Why Are You Still Using Default Photoshop Cursors?

There are often things that are helpful to workflow, no matter how minor they are. One of my favorite customizations to a new install of Photoshop is the cursor customization. When watching a tutorial and I see the instructor clicking through a menu instead of using a shortcut key for something as simple as duplicating a layer, I can understand the reason why. When demonstrating to people, it's valuable to slow things down and make sure they understand. It may seem subjective to flat out say that changing the cursors is the best thing to do, however I believe that once you try it you will agree.

Photoshop Cursors and Why I Change Them

The default cursors drive me absolutely crazy. They do not seem to be geared toward precision. For example, the paint bucket tool is literally a cursor that's a picture of a paint bucket with a little arrow attached.

I find that to be not the most ideal, especially once you are used to the alternative. The cursor has two potential "tips" that could be the precise point of where you are clicking: the tip of the arrow and the tip of the actual paint coming out of the bucket. We can figure out which tip is the right tip, however there's a better option: precise cursors.

I really prefer the precise cursors, as when working very fast there's no question on the precise pixel you are clicking as it's in the form of a precision crosshair.

When you compare that to the default cursors, I don't feel the default cursor is the best design. 

A crosshair seems much more logical to me. As I mentioned before, this could be preference, and many (I would dare to say "most") people are so used to the default cursor that it may not bother them. But I suggest you try this, I really do think you will find it to make more sense.

Where to Change the Cursors

We change these settings in the preferences.

The setting for these precision cursors is in the middle, shown here:

While we are in there, the brush preview color is something else that can be changed; when resizing a brush you see the red preview of the brush. Try a color that's more pleasing to your eye and isn't a common color in your images so that there's still enough contrast off the image to see the brush preview.

Other Thoughts

I'd like to point out that while I am a huge fan of customizing things in your workflow to enhance and speed up things, I do not recommend changing a lot of the default keyboard shortcuts for many folks. The reason why is that while you may like all these spiffy new shortcut keys, when you are watching a tutorial again and someone mentions a shortcut key you'll have to "convert" in your mind on the fly the revised keys you changed. It can make things confusing. On the same note, if you are teaching someone and you mention a certain shortcut, it's then different for them. Not necessarily a huge deal for some, but for others it could make little challenges.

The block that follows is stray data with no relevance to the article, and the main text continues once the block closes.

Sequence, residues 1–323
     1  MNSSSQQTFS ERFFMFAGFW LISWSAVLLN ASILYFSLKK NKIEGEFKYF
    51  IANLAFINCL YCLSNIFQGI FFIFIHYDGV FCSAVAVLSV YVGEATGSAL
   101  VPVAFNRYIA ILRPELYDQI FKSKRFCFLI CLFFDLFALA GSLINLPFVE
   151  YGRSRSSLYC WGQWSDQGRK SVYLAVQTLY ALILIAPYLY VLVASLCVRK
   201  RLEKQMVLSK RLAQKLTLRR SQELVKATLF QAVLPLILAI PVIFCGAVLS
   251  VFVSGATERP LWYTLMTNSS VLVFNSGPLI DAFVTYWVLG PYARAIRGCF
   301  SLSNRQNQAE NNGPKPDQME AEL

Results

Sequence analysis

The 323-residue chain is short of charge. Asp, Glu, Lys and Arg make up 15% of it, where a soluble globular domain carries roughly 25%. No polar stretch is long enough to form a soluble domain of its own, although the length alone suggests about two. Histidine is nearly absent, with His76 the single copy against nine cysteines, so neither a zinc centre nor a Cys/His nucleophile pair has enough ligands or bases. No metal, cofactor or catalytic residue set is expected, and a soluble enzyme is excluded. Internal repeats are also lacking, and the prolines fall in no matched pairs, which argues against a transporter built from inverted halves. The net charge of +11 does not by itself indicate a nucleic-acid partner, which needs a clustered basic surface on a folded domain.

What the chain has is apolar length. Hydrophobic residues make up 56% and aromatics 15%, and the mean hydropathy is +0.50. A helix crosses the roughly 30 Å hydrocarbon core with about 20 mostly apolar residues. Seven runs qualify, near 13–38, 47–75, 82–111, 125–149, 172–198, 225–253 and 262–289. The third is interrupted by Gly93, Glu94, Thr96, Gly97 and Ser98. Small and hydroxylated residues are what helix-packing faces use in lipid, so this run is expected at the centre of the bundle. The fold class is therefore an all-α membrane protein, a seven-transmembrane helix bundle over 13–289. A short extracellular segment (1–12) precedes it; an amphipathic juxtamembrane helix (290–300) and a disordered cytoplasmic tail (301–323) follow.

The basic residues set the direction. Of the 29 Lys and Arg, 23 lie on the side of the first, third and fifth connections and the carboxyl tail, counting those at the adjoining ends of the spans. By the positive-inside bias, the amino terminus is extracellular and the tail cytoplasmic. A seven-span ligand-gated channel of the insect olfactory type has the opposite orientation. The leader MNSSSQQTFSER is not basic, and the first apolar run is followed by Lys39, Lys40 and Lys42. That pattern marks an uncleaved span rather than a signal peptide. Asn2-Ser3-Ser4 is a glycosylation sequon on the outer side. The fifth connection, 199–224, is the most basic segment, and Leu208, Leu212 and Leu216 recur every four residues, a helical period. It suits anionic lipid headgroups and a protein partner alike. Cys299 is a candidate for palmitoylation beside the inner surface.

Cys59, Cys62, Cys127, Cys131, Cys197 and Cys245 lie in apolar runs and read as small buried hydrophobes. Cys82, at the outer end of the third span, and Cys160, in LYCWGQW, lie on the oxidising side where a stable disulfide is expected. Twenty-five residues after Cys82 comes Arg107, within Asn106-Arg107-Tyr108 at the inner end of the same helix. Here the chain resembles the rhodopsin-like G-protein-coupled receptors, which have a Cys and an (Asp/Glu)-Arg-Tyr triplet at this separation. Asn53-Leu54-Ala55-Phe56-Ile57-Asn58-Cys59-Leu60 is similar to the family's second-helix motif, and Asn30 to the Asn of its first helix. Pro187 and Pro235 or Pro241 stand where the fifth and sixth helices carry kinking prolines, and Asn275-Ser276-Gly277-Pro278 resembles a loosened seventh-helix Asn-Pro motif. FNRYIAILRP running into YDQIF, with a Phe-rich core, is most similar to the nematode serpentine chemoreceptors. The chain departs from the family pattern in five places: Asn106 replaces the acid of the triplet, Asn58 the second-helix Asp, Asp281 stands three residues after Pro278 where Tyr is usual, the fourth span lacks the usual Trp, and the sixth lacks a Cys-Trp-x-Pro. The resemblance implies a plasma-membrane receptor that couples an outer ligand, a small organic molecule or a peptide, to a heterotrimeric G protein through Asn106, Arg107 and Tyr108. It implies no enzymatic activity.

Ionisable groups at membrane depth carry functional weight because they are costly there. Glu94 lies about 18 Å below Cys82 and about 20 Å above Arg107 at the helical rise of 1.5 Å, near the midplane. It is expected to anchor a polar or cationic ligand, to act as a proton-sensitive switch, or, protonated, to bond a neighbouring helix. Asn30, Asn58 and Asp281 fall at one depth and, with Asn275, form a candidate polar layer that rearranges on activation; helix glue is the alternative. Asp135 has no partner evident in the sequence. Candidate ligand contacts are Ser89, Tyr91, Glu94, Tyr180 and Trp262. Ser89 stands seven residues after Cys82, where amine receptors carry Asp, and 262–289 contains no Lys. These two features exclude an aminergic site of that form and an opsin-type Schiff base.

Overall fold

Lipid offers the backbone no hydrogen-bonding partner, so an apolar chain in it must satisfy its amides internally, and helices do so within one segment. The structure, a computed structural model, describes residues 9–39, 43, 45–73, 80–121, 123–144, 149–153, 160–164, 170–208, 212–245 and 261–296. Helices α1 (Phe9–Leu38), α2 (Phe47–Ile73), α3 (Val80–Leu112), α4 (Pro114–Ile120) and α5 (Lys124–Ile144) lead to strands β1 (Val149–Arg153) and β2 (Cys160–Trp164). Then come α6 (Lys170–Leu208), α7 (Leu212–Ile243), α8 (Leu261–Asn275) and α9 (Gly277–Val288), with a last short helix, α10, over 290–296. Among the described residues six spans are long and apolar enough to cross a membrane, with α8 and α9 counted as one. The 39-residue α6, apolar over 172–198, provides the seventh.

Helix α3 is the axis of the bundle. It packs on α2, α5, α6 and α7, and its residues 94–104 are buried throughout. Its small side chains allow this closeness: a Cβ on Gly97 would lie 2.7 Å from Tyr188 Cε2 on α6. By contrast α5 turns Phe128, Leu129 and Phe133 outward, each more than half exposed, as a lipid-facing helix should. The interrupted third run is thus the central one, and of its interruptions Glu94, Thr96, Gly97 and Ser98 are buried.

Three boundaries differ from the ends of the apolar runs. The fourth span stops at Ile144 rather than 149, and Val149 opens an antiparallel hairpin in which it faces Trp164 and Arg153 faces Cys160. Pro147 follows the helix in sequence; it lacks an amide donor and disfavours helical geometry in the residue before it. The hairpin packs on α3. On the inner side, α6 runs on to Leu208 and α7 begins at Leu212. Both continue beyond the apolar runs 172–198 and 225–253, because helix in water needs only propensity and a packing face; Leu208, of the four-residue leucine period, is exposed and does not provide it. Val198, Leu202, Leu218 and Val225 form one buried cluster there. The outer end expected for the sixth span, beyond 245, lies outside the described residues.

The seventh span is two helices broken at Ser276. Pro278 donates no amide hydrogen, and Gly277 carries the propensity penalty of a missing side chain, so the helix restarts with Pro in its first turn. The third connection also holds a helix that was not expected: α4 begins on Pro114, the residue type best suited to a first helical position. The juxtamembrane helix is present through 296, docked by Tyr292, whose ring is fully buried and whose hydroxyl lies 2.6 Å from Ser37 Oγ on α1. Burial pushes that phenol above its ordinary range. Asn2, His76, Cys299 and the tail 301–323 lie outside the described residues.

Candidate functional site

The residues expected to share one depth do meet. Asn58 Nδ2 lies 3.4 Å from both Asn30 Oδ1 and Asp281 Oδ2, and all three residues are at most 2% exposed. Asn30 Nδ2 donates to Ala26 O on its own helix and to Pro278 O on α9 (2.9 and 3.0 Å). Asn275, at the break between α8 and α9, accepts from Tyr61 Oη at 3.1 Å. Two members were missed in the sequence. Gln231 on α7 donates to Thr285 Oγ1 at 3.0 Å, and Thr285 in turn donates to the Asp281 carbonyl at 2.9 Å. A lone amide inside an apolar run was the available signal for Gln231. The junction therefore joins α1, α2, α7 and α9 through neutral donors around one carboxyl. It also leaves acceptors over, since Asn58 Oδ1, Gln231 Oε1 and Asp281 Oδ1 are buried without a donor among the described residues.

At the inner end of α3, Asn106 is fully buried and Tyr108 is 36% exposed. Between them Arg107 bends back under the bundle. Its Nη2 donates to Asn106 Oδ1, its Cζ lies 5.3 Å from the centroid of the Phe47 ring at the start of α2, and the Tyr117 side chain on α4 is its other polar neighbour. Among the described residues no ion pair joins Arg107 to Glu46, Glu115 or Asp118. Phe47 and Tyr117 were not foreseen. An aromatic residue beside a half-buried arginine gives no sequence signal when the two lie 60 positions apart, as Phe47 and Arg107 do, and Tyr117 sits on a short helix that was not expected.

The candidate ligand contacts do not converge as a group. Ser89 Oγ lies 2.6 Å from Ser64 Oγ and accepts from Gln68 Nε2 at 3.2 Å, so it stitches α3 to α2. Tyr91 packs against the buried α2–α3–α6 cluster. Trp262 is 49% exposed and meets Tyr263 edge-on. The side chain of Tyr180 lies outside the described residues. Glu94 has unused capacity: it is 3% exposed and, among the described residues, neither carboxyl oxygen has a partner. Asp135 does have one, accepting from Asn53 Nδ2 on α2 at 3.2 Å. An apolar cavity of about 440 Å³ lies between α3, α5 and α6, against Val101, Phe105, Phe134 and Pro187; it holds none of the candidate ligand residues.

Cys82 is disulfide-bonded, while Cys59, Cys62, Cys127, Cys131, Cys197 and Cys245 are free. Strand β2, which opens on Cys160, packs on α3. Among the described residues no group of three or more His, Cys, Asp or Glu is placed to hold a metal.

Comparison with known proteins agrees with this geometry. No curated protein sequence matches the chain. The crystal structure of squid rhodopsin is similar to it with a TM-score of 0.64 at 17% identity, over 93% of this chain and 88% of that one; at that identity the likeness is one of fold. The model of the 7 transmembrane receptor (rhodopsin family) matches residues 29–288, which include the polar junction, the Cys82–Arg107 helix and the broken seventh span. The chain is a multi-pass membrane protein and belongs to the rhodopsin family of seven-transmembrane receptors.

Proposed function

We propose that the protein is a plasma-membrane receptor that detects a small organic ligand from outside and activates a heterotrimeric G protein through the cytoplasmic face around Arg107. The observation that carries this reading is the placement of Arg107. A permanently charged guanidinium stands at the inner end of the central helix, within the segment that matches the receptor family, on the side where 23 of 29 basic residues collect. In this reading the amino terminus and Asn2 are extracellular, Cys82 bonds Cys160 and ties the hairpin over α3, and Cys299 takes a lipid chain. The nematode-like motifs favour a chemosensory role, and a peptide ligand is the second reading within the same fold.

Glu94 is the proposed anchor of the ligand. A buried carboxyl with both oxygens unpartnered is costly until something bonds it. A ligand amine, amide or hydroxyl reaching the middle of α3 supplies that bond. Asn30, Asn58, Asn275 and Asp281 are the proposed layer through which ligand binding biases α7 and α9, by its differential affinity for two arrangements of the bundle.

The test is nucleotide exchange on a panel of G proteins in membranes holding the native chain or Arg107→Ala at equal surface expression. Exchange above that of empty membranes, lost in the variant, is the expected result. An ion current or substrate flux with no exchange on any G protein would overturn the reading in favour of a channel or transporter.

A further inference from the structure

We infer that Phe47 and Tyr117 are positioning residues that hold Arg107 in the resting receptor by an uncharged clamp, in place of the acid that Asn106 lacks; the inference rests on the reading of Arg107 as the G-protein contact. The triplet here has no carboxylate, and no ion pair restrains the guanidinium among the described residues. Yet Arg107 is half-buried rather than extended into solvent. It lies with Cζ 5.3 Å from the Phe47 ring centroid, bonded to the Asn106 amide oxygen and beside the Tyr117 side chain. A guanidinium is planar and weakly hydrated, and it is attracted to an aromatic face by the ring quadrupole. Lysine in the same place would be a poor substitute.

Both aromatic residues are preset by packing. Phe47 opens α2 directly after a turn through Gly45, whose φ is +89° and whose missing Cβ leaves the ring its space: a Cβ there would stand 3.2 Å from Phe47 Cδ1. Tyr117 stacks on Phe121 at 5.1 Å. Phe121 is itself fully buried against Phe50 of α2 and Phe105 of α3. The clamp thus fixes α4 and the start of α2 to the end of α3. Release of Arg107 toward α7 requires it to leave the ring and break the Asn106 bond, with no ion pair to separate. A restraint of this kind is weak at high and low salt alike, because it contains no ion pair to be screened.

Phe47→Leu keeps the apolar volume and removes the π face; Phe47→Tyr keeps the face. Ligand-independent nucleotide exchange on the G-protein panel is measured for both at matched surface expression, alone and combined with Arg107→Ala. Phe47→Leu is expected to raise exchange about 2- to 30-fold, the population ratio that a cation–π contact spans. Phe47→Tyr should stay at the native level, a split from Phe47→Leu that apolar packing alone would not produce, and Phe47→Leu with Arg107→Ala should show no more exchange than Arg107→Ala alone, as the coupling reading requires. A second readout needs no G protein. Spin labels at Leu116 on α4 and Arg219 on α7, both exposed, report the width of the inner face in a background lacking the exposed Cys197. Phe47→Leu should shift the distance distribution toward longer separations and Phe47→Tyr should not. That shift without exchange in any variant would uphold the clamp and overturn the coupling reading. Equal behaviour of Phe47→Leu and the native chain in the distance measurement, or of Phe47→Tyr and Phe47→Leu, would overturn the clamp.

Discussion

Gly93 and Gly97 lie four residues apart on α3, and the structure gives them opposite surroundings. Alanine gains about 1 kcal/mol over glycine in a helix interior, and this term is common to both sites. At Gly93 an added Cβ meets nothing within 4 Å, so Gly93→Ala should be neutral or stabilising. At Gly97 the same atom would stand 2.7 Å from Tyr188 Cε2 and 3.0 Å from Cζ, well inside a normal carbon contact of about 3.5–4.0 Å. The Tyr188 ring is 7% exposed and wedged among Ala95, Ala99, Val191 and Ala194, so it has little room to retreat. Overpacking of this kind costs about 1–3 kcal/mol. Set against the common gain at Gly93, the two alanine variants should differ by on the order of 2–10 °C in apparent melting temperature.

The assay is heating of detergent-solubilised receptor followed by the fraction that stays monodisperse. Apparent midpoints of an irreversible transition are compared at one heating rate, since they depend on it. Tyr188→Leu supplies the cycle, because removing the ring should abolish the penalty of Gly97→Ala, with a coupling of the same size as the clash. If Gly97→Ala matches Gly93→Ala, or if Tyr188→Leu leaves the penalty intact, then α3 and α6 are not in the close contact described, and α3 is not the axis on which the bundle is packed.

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david kidd's picture


Lee Morris's picture

Love tips like this. Simple, short, helpful.

Bill Larkin's picture

Thanks Lee! I find that a whole bunch of little things like this add up to a huge deal in productivity.

Nathan Smith's picture

Pressing Caps Lock on will also engage the precision cursor without having to use it all the time. Simply press it again to go back to the traditional cursors.

Dennis Qualls's picture

I've never understood why help videos go thru a four or five click process to duplicate a layer, switch brushes, change opacity etc....
Keyboard shortcuts and Wacom pen modifications are key to a fast and smooth work flow.

Ted Miller's picture

Why? Because I switched to a 4k monitor and now even the standard cursors are EXTREMELY hard to see. When it goes precise it is virtually invisible to me.

If you or anyone else has a way to change them to simple arrows, it would be much appreciated. Failing that, I would like a way to change Windows 10 background colors for open windows to a lighter shade of grey in order to contrast with the crop tool.

That used to be possible, and should be still, but the more user friendly they try to make Windows, the harder it becomes to find simple tweaks. Holy expletive or your choice, the endless hours wasted hunting down stuff that used to be easy!

Right now the best I can do is to turn the night light settings all the way to the orange, which makes the crop tool's white outline stand out. So maybe darker grey is better than lighter. I just need to find out how to do it. If I don't, then I will have to keep turning night light up and down as I go.